The Representation Of Female And Female Conflict Essay

1508 Words Dec 13th, 2015 7 Pages
In 411 BCE, Aristophanes’ play L ysistrata, a tale of war, a sex strike, and the comedy that rises out of male and female conflict was first performed on the Greek stage. While Aristophanes’ work L ysistrata is indeed comedic, it echoes a valid sentiment of consideration: the submission women faced and the gender roles society socialized them to play Socially­defined norms of gender create a direct reflection on the way each individual views themselves, others in their gender, and their opposite counterparts in the attempt to assimilate to expectations or appropriate them. Due to the disparity of the gender spheres, the women in Lysistrata u se both an exaggerated domestic characterization and male­centered language to attempt to gain power. Though considering their “power” is centric to the preconceived stereotypes of each gender and the status quo, L ysistrata n either empowers nor gratifies females as a whole, establishing the idea that women are only as powerful as their social limitations.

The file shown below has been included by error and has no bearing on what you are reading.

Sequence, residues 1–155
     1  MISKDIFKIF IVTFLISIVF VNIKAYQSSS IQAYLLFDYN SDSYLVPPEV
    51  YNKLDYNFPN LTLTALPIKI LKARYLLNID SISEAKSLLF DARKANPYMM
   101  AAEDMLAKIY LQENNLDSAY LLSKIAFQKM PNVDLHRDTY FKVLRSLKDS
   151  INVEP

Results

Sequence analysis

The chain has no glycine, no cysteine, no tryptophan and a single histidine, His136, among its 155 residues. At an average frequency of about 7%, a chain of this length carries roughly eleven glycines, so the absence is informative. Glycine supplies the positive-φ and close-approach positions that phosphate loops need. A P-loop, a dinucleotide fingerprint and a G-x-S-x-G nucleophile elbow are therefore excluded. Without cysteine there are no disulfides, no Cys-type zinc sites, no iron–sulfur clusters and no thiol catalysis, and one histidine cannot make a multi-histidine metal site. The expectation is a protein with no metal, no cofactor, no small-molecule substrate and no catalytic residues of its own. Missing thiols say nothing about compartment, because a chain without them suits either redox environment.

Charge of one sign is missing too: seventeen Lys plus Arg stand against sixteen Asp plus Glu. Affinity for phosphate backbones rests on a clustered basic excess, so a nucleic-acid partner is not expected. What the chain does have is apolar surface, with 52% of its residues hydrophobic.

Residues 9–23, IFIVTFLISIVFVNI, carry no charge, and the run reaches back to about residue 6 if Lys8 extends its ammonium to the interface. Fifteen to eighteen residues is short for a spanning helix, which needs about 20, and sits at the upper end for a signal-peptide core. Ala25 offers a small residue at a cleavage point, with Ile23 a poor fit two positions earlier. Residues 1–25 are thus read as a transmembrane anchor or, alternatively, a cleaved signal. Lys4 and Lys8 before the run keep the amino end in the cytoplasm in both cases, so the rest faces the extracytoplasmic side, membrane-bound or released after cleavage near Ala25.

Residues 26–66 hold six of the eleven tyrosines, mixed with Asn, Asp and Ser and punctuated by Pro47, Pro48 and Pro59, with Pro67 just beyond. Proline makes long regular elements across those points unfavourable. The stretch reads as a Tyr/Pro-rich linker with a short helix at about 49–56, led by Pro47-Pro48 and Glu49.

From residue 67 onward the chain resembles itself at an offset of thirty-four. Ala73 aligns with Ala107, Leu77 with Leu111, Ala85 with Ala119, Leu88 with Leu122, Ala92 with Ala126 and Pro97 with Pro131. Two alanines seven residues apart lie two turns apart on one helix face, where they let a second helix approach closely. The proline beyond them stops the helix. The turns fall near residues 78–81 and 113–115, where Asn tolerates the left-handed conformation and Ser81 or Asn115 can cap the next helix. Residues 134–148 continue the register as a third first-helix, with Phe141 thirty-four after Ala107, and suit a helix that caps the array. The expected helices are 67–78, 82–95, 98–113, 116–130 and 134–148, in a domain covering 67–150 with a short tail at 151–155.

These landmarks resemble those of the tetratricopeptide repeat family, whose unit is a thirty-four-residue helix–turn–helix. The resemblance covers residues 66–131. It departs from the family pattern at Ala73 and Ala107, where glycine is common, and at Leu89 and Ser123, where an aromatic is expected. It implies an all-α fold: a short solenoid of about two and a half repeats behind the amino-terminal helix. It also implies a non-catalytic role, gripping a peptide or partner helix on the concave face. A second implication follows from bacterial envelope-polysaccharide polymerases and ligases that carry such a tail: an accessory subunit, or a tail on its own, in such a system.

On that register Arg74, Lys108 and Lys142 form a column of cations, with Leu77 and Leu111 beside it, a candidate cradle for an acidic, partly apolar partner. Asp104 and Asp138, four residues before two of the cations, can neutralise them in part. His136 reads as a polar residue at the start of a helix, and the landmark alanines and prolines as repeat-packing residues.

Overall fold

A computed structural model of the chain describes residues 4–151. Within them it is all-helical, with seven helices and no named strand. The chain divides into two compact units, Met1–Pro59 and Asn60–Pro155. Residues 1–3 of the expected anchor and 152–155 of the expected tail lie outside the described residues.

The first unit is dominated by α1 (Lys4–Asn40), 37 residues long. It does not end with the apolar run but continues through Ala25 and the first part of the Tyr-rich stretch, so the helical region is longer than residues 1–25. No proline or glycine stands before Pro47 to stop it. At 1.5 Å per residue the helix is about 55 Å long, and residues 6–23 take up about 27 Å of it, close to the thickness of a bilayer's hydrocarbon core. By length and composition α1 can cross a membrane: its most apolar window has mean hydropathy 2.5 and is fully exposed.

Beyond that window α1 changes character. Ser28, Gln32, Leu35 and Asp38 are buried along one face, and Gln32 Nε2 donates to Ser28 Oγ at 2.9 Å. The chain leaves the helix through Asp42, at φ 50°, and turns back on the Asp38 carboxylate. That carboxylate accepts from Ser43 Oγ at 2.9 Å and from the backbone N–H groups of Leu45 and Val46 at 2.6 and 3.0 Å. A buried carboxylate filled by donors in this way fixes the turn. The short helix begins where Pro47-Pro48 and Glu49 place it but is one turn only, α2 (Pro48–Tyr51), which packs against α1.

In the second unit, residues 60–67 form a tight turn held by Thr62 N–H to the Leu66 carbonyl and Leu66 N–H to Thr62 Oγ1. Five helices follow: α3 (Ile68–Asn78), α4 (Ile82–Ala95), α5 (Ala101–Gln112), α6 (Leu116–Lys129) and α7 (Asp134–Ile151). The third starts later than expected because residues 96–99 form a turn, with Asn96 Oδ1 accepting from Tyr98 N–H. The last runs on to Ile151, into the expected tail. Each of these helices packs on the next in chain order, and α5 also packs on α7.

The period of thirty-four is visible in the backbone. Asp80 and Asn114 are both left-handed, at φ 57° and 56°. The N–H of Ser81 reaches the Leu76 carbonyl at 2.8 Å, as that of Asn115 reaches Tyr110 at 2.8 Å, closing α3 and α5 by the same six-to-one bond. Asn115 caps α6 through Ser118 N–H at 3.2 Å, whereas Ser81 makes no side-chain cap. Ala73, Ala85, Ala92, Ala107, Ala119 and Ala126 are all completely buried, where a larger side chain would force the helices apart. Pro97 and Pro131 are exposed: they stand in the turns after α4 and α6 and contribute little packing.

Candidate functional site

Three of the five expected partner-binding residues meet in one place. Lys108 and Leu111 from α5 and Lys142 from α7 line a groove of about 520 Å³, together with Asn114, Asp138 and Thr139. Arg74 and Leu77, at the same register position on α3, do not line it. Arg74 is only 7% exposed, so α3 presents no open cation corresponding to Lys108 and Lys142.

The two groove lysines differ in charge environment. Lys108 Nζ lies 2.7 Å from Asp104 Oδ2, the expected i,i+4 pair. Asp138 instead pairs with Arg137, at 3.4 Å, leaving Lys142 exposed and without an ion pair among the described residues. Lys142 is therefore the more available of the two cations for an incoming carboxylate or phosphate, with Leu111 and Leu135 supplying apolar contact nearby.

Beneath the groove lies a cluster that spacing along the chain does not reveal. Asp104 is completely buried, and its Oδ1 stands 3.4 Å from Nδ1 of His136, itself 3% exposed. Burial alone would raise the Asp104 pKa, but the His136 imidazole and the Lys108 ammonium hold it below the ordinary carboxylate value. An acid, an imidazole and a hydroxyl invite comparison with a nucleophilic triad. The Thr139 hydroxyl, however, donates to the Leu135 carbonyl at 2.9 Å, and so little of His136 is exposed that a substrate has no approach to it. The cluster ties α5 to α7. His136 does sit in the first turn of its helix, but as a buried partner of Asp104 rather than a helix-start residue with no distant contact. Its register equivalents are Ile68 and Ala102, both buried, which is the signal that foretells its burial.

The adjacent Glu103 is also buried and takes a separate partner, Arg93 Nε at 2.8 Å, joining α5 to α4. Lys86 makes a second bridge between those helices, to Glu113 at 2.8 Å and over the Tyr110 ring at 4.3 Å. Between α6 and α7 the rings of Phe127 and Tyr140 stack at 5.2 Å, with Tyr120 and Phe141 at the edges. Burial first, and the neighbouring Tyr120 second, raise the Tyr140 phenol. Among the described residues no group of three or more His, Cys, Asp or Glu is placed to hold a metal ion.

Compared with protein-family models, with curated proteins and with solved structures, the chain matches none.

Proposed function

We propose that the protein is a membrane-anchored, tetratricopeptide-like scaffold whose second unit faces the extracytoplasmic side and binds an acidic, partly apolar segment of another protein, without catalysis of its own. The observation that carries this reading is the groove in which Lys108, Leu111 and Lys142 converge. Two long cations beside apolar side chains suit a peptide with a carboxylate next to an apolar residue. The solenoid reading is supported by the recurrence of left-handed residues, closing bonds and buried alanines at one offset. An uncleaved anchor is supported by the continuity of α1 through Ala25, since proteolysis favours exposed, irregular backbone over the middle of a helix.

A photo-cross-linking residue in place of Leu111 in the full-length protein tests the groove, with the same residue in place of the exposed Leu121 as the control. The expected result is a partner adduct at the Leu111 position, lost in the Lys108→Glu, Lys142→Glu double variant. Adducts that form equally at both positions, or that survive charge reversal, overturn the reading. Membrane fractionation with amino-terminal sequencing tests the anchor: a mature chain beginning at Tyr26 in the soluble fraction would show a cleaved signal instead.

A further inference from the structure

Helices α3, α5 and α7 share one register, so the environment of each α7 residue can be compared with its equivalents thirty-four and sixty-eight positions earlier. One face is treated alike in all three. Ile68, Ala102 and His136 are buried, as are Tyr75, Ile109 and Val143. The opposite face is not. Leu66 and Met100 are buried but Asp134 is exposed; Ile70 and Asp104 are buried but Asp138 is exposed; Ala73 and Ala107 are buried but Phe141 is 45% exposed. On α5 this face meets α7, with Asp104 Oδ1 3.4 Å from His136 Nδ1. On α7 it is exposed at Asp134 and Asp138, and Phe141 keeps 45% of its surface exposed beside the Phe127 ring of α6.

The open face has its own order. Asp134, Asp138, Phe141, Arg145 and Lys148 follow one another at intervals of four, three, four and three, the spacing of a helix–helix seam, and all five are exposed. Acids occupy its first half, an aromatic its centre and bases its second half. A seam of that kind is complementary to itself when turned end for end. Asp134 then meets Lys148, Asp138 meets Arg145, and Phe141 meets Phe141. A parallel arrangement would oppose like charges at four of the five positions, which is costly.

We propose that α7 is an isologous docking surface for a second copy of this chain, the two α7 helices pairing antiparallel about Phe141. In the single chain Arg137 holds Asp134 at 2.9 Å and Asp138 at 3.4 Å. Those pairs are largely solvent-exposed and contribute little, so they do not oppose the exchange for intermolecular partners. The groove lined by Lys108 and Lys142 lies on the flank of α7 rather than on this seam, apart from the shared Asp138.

The generalization of the female character by men and even women themselves reasserts their own limitations and deepens female gender norms. In the traditional realm of society, males set the standard for the female characterization—or rather dramatization, and that stereotype fuels the gender norm that defines them. In one instance, after the Koryphaios of Women caused commotion in the Akropolis, the Commissioner declares “Females again—spontaneous combustion of lust. Suspected as…

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